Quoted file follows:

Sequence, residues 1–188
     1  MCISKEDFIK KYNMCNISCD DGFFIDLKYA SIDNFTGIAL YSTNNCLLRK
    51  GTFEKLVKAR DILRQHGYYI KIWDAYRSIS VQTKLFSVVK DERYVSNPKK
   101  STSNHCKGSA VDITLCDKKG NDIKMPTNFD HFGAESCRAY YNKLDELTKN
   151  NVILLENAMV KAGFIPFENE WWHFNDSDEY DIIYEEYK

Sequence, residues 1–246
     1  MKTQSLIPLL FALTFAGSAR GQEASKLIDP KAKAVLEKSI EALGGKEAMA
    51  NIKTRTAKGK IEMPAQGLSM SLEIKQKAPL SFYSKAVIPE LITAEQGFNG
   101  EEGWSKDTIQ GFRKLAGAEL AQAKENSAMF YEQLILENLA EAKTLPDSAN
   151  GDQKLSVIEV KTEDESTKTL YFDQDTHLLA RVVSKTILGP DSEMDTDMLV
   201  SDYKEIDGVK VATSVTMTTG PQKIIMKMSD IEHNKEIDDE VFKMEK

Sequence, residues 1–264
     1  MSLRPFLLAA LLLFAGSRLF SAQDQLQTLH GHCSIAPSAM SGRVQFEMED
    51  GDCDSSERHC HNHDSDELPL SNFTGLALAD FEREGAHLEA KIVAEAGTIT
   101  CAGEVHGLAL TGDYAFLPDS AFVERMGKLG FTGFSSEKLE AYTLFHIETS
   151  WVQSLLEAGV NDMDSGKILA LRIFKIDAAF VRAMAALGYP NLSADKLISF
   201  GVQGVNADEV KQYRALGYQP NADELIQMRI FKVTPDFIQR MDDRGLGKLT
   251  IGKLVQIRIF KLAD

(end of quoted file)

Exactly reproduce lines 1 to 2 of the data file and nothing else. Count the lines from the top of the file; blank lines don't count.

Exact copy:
Sequence, residues 1–188
     1  MCISKEDFIK KYNMCNISCD DGFFIDLKYA SIDNFTGIAL YSTNNCLLRK